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article imageE. coli outbreak across 11 states linked to chopped romaine

By Karen Graham     Apr 14, 2018 in Health
Chopped romaine lettuce has been linked to dozens of cases of E. coli in 11 states and anyone who has the leafy green in their refrigerator is told to throw it away immediately, health officials said Friday.
According to the Centers for Disease Control and Prevention (CDC), no common grower, supplier, distributor or brand has been identified as the source of the multi-state outbreak.
However, information collected by the CDC and public health officials from individual states to date indicates the chopped romaine lettuce came from the Yuma, Arizona growing region and that it is possibly contaminated with E. coli O157:H7 and could make people sick.
As of April 13, 2018, thirty-five people in 11 states have been sickened and 22 of those patients were so severely ill, they had to be hospitalized, the CDC said. Three of them developed a type of kidney failure associated with this strain of E. coli. No deaths have been reported.
The states where cases have been reported are: Pennsylvania (9); Idaho (8); New Jersey (7); Connecticut (2); New York (2); Ohio (2); Virginia (1); Washington (1); Missouri (1); Michigan (1); and Illinois (1). All these people got sick between March 22 and March 31, and range in age from 12 to 84 years old.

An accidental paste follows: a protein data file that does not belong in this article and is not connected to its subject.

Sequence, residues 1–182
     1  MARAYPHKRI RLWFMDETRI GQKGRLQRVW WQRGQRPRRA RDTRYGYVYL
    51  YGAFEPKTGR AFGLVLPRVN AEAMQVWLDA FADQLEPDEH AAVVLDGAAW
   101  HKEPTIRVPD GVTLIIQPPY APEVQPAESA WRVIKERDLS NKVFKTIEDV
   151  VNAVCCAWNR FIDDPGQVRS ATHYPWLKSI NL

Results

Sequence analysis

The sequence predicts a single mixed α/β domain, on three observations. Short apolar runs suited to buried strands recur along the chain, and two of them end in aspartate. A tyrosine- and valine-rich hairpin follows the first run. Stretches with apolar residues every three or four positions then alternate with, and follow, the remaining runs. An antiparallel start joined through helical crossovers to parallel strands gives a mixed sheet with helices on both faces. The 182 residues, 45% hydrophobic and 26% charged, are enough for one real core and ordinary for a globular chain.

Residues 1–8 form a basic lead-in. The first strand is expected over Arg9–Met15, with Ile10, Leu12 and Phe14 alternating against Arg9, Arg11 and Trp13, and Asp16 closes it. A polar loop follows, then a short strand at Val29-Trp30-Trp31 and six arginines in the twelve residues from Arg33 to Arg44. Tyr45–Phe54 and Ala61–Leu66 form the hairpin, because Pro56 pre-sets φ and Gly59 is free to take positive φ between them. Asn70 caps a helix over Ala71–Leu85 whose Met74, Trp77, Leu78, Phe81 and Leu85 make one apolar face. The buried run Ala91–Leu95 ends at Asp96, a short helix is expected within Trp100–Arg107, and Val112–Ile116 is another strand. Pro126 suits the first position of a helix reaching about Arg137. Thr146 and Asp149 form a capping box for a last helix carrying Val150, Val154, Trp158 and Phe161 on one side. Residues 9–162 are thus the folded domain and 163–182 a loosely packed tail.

"Most people reported eating a salad at a restaurant, and romaine lettuce was the only common ingredient identified among the salads eaten," the agency said, explaining its probe into the illnesses. "The restaurants reported using bagged, chopped romaine lettuce to make salads. At this time, ill people are not reporting whole heads or hearts of romaine."
Warning from CDC over chopped romaine
Consumers anywhere in the United States who have store-bought chopped romaine lettuce at home, including salads and salad mixes containing chopped romaine lettuce, should not eat it and should throw it away, even if some of it was eaten and no one has gotten sick. If you do not know if the lettuce is romaine, do not eat it and throw it away.
Before purchasing romaine lettuce at a grocery store or eating it at a restaurant, consumers should confirm with the store or restaurant that it is not chopped romaine lettuce from the Yuma, Arizona growing region. If you can't get confirmation, don't buy it or eat it.
The number of cases is expected to grow because it takes on average one to two weeks for symptoms to show up after eating the contaminated food product. And while most strains of E. coli are harmless, others can cause serious illness. The strain associated with this warning is a Shinga toxin-producing E. coli, which can cause severe stomach cramps, diarrhea, and vomiting, the CDC said.
If diarrhea lasts more than 3 days or is accompanied by high fever, blood in the stool or so much vomiting that the patient cannot keep down liquids, a doctor must be called, the agency said.
More about foodborne illness, E coli, Romaine lettuce, 11 states, CDC
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